At first, the Spencer SHP chapter wasn’t sure how great the local need for beds would be, but quickly came to realize it. Their first delivery was in Marshfield on a Sunday. By that Tuesday, someone was already calling the church if they provided beds.
“Our first delivery, they had really nothing in the home. They just had a couch and one chair and a TV, hardly any toys,” said Schade. “The deliveries are the most rewarding part but also kind of sad, because you convince yourself the need doesn’t exist, but then realize it does.”
The group currently has requests for beds in Granton and Chili. It has gotten requests from as far away as Weston and Bayfield. SHP has reached out to schools and social services to see who may be in need of a bed.
It costs $175 for one bed, including all the bedding, or $350 for bunk beds. SHP makes single beds, but they are stackable.
In order for an individual to receive a bed, they must be between the ages of three and 17 and not currently have a bed. There also has to be a place to put the bed.
SHP is seeking donations of twin-sized mattress pads, sheets, pillows, pillowcases and comforters. The organization does not accept used linens for insurance reasons. The group receives mattresses from a supplier.
The community has rallied around this cause. Local businesses have chipped in, such as CRC Lumber in Colby providing lumber for the beds at a discounted rate. SHP has received grants from the Marshfield Walmart and Marshfield Clinic.
B&D Fabricators is allowing SHP to use their location for the next build “Santa’s Elves Build Beds for Kids,” on Saturday, Dec. 7. The address is 520 South Front Street, Unity. Registration is at 8:45 a.m. with two work shifts, 9 to 11 a.m. and 11 a.m. to 1 p.m. The goal is to build 30 beds to get kids off the floor and into beds by Christmas. People are invited to volunteer their time, with all building abilities welcomed.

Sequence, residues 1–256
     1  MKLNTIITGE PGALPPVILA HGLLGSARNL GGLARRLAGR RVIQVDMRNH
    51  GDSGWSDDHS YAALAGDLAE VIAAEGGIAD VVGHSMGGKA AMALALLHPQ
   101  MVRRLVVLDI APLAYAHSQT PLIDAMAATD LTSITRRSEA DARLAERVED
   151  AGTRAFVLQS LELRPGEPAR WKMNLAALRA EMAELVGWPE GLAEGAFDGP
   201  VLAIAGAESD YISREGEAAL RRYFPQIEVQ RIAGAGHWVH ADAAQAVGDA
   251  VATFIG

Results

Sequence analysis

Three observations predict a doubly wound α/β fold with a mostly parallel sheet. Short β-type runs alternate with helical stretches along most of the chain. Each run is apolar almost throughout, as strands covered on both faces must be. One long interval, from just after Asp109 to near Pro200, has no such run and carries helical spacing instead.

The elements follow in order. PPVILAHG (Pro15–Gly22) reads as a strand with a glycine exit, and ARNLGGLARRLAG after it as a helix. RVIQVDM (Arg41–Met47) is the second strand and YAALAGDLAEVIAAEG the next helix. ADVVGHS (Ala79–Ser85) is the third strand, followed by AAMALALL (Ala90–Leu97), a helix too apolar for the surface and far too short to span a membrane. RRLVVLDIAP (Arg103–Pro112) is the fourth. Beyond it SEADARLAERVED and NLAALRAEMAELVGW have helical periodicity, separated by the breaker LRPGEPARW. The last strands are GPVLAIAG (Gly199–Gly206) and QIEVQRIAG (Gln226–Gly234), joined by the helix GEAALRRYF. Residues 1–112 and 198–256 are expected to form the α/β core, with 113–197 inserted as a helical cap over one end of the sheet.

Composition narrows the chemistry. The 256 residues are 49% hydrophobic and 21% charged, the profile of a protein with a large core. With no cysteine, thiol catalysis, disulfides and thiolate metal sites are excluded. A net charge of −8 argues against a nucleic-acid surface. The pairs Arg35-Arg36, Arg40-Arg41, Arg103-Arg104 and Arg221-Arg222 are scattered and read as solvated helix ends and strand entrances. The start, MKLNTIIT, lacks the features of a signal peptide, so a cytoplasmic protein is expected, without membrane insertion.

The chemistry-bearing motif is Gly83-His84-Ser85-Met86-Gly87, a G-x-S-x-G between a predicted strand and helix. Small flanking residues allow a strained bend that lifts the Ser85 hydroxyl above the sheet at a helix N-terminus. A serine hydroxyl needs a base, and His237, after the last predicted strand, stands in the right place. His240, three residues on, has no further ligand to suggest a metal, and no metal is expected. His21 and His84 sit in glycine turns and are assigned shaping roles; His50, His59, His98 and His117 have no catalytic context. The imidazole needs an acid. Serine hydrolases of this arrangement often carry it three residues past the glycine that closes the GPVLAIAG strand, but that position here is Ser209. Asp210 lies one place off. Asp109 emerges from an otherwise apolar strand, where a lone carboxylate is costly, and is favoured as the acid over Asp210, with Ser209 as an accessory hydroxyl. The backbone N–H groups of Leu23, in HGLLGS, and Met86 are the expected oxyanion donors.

SHP can plan a building day as a service project for youth groups, family reunions, church or civic groups or sports teams. Corporations may sponsor a build and their employees volunteer the time to build beds. SHP also makes a great Eagle Scout project, Schade said.
At a work-day earlier this year, Aldonna Miller and Ellen Stanley dip headboards in a vinegar steel wool mixture which gives them their finish. Submitted photo
Volunteers work to sand pieces of wood for Children’s bunk beds. The Spencer Area Sleep in Heavenly Peace chapter has made 24 beds so far and has a goal of making 30 more by Christmas. Submitted photo
Al Bauman uses a mallet on a board that will eventually be used in a bed for a local child. It costs $175 for one bed, which includes the mattress and bedding. Submitted photo
(Place photo of boy helping with bed building.)
Volunteer Scott Johnson puts together a bed with a little help from a youngster. Submitted photo
To donate or request a bed, visit shpbeds.org/chapter/wi-spencer-area. One may also call 844-432-2337 ext.5539 or email email@example.com. The Spencer Area SHP is on Facebook under “Sleep in Heavenly Peace – WI, Spencer Area.”
People may refer a friend to receive a bed, but SHP must receive confirmation from the parent or guardian of the child beforehand and a parent or guardian must be present when the bed is delivered.
SHP is looking forward to making sure more local children have the dignity of a bed to sleep in, not to mention the health benefits that come with getting a good night’s sleep.
They know their work is appreciated, said Schade.
“When we deliver the beds, if the kids are home, we let them help assemble and make the bed to make it feel like their own. But if you glance over at the parents, you see this look of relief to their eyes and they often have tears in their eyes. They are so grateful.”